Yesterday, I went to visit the grave of Lola Montez. It was a spontaneous excursion. I met a friend in Brooklyn, and we stumbled into Green-wood Cemetery. There’s an app for that but we didn’t use it, just a little map given to us by the friendly volunteer at the main gate.
At Green-Wood, you won’t see as much statuary as you would at London’s Highgate. Even the upper-crust in the US weren’t quite as into the death cult as England’s Victorians. And there are no witches or voodoo priestesses there as in New Orleans – where above ground “burial” adds an extra touch of gothic charm.
Green-wood, with it’s rolling hills, over four-hundred acres, eight thousand trees, fountains and ponds, is a true oasis. It was designated a national historic site in 2006. There are feral parrots – mostly in the trees just outside the main gate though how they manage to survive New York winters is a mystery. Visitors are welcome, and while locals use the grounds for quiet and contemplative relaxation, it’s not overrun with the living.
Many once famous folk are buried there, but we headed specifically for Lola’s grave. She was, after all, a contemporary of Marie Duplessis on whom the vampire-heroine of my novel, Blood Diva is based.
The two shared some acquaintances and friends, including Franz Liszt who was (maybe) the great love of Marie’s life. Like Marie, Lola was a supported by a string of wealthy men though unlike Marie she had a nominal “profession” – “Spanish dancer.” She was not Spanish. She was Irish. Her life was at least as colorful as that of our lady of the Camellias and took her more places geographically. She was for a time the mistress of the King of Bavaria who made her the Countess of Landsfeld and settled on her a large annuity. She wound up in the United States. In California, she had a brief third marriage to a man who died under mysterious circumstances. In the end she wound up in New York. She wrote a couple of books that sold well, and allegedly worked to rescue fallen women.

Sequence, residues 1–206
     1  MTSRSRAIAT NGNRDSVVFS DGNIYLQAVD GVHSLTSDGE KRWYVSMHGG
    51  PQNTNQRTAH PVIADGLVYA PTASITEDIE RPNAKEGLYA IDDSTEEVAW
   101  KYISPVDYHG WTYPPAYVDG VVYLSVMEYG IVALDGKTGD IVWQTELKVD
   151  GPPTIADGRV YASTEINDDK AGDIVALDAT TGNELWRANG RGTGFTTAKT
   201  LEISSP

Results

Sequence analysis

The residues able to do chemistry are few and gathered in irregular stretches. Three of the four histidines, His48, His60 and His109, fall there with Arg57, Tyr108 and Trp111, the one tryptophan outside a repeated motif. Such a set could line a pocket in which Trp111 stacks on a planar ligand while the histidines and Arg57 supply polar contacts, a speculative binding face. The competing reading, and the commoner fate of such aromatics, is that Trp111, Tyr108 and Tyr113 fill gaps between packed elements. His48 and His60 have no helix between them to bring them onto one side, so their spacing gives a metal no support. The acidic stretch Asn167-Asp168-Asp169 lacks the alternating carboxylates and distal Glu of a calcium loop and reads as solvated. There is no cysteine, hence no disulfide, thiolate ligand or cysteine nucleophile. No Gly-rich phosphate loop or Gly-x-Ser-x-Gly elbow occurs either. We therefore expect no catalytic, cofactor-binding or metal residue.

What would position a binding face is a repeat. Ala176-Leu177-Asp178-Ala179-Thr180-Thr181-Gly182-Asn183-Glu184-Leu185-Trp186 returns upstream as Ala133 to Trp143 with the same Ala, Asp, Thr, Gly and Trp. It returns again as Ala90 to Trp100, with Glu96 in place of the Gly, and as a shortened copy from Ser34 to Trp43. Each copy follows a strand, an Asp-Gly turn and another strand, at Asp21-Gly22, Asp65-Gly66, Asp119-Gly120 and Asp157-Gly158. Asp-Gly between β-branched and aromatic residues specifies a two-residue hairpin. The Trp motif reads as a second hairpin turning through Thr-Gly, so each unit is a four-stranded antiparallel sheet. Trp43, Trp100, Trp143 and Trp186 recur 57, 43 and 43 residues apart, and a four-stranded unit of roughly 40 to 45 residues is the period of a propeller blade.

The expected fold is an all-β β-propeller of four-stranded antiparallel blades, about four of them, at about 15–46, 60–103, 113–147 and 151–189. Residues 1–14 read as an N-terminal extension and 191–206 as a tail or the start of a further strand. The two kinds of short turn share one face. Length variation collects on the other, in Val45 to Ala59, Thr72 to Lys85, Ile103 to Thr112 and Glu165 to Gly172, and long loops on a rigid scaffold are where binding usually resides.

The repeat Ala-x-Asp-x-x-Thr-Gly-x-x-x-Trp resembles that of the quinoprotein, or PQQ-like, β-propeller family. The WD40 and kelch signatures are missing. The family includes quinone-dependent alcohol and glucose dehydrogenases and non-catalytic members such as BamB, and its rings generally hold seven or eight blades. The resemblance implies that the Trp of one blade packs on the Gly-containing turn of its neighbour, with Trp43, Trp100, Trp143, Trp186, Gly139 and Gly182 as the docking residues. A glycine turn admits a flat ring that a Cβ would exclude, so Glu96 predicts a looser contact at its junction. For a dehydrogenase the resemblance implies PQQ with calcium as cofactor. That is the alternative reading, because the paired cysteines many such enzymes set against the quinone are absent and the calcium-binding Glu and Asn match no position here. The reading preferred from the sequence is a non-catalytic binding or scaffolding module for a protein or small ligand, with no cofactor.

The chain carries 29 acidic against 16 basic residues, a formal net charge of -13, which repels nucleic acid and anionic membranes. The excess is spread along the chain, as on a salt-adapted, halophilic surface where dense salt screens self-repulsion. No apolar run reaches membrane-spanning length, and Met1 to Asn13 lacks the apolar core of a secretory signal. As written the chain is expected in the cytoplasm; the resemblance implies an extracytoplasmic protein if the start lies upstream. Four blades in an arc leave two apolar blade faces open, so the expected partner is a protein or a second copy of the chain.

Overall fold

Lola lived a longer than Marie, making it to the ripe old age of 39 according to Wikipedia though her tombstones says 42. While there have been films and novels about her, there was no opera. They say Conan Doyle may have used her as a model for Irene Adler.
I’m not sure what we expected to find at her gravesite. The tombstone says on one side, Mrs. Eliza Gilbert with dates. On the other side, the writing is worn down and harder to read. There it says she was known as Lola Montez, Countess of Landsfeld.
Good girls go to heaven. Bad girls go everywhere.
It appeared that the front of the tombstone may have been restored, but there were no fresh flowers or other tributes aside from a single dancing shoe. Next time, I shall plan better and bring her something – perhaps a mantilla or a fan.
(You did realize this is the website for Blood Diva, the novel, right? Feel free to look around and learn more.)